Tuesday, July 25, 2017

9 farm lobbies push back against Microsoft's plans for rural broadband, say it will hurt broadcasters

Ajit Pai (FCC photo)
Nine lobbying groups representing rural interests are protesting Microsoft's push to reserve TV spectrum channels for unlicensed use, John Eggerton reports for Broadcasting & Cable. Microsoft argues that it needs the spectrum to provide rural areas with broadband internet service, but "cattlemen, wheat growers, 'agri-women' and state agriculture departments" wrote a letter to Federal Communications Commission Chairman Ajit Pai saying they need the spectrum because broadcasting is vital to keep rural areas connected to each other. "While our organizations certainly understand the need for improved broadband access in rural America and support the deployment of high-speed broadband in our communities, this proposal will only serve to deprive our members of critical access to local broadcast television coverage," they wrote.

Pai, who got the chair through President Trump, has made rural broadband access a main goal of the FCC. Several times in past years, the agency has reallocated space on the broadcast spectrum to make room for more broadband and other services that use the spectrum. This has often been accomplished through auctions in which private companies can bid on the rights to use certain parts of the spectrum. After the auction, stations are "repacked" or moved to different parts of the spectrum to accommodate the new channel assignments. The most recent was on March 30 of this year; stations will have 39 months to move to their new channels.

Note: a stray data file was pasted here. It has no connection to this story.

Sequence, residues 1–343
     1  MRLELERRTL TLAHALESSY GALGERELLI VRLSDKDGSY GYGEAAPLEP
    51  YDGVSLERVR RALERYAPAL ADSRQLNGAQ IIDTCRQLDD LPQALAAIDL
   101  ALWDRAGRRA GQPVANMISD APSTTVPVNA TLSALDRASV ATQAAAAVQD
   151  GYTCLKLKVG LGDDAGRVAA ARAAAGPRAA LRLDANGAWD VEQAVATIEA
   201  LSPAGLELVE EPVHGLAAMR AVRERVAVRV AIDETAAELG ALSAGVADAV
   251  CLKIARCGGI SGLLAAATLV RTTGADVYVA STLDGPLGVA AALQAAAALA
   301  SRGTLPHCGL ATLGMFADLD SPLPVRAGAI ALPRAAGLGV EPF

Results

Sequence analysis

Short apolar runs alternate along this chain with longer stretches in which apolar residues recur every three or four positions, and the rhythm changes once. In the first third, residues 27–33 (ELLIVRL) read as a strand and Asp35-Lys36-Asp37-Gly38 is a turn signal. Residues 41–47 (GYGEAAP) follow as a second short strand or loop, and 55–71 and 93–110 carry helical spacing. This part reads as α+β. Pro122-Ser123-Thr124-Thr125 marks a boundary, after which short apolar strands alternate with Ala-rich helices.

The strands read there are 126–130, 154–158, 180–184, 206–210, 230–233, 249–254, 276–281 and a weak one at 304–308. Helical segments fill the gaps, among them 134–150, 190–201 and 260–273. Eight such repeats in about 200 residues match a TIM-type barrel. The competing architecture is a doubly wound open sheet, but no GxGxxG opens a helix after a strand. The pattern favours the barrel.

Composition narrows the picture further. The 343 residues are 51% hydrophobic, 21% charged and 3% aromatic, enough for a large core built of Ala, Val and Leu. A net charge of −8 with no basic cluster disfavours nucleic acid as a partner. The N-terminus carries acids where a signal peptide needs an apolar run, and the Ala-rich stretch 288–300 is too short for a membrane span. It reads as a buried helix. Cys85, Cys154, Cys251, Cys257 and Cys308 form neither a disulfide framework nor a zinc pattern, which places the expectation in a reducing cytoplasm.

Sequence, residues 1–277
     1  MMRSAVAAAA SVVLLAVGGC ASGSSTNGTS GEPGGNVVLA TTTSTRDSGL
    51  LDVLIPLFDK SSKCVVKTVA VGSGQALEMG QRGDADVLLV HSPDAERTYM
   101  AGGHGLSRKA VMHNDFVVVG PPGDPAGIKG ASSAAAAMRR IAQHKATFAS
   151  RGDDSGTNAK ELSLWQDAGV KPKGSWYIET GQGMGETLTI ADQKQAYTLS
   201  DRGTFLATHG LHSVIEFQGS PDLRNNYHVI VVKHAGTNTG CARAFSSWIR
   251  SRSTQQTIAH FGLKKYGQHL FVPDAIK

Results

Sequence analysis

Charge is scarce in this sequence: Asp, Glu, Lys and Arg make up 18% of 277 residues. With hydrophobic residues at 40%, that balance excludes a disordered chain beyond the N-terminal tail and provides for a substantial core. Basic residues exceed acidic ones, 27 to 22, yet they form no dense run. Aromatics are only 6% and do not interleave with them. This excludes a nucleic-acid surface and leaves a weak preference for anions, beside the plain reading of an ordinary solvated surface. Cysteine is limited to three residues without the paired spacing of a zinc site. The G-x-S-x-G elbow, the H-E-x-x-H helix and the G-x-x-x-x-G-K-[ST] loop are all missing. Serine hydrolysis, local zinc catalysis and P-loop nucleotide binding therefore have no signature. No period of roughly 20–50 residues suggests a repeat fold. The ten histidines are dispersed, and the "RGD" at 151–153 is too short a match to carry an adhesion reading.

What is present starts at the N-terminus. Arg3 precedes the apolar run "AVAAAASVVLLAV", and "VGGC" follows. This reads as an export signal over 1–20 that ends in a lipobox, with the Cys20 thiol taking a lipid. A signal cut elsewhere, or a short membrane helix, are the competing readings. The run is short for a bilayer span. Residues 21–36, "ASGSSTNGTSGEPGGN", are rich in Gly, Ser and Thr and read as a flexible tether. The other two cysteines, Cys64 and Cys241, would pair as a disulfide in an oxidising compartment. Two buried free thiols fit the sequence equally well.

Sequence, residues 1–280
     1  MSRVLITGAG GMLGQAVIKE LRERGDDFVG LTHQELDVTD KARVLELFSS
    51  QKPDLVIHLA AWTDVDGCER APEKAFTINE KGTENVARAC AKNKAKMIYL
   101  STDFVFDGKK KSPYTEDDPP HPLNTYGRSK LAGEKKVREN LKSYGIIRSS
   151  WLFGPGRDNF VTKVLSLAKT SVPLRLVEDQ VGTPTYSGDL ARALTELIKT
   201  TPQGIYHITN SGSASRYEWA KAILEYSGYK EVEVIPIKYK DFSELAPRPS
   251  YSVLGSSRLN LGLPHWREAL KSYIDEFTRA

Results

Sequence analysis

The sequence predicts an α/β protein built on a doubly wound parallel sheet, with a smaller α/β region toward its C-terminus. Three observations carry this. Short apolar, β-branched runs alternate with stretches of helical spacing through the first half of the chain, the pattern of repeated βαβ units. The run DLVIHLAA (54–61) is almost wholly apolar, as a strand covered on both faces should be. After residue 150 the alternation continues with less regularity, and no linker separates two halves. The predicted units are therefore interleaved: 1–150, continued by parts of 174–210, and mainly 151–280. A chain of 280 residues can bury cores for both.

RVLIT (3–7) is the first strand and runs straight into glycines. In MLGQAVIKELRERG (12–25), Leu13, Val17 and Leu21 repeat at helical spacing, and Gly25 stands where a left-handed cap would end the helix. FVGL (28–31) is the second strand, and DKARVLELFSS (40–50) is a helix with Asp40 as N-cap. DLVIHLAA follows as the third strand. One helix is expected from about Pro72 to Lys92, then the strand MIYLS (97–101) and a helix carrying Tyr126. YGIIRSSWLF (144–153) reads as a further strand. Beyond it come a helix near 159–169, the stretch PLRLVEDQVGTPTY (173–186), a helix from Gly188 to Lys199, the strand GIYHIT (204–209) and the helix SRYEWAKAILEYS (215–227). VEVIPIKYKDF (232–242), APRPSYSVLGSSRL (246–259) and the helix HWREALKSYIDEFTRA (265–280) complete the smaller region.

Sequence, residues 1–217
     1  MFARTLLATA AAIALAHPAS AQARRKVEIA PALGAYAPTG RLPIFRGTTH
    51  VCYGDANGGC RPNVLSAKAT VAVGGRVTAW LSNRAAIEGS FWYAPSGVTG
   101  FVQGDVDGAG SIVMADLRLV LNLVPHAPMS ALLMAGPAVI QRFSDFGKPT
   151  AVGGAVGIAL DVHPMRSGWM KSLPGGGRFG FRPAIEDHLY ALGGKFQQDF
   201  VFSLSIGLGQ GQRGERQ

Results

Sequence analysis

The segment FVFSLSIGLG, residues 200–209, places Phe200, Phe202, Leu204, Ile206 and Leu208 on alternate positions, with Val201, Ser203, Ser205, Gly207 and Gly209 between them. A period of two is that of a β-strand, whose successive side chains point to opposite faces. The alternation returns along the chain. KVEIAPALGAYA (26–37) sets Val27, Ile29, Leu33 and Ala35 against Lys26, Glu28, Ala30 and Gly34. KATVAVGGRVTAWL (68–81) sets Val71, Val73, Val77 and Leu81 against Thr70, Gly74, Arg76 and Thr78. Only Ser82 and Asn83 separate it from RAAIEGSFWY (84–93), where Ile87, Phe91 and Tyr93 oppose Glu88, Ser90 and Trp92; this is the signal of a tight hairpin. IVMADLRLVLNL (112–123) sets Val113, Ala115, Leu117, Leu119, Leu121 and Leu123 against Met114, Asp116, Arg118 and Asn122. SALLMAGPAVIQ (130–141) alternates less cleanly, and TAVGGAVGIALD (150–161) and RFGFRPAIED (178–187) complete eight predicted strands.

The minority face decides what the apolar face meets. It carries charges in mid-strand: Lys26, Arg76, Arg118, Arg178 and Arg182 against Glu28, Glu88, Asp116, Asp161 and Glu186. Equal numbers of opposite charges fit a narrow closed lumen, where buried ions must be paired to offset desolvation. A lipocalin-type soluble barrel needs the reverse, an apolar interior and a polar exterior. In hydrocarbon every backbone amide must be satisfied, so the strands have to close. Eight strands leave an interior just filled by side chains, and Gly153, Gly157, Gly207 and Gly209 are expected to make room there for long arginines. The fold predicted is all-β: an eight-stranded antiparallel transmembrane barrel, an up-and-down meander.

The protest letter says Microsoft's plan to use white spaces will leave less room for low-power TV stations and translators, which rebroadcast signals to remote areas. The letter says those are often the only means rural people have of receiving free TV. "Combining this loss of spectrum for unlicensed use with the sheer number of full-power stations needing to be repacked and the interference protections between neighboring stations, many LPTVs and television translators could be left without a new home and would be forced out of business," the letter said. "When local broadcast stations go dark, rural communities are deprived of a vital source of information that is essential for managing our day-to-day lives."

The groups that signed the letter were: American Agri-Women, Intertribal Agriculture Council, National Association of Wheat Growers, National Association of State Departments of Agriculture, National Black Growers Council, National Farmers Union, Rural & Agriculture Council of America, U.S. Cattlemen’s Association and Women Involved in Farm Economics.

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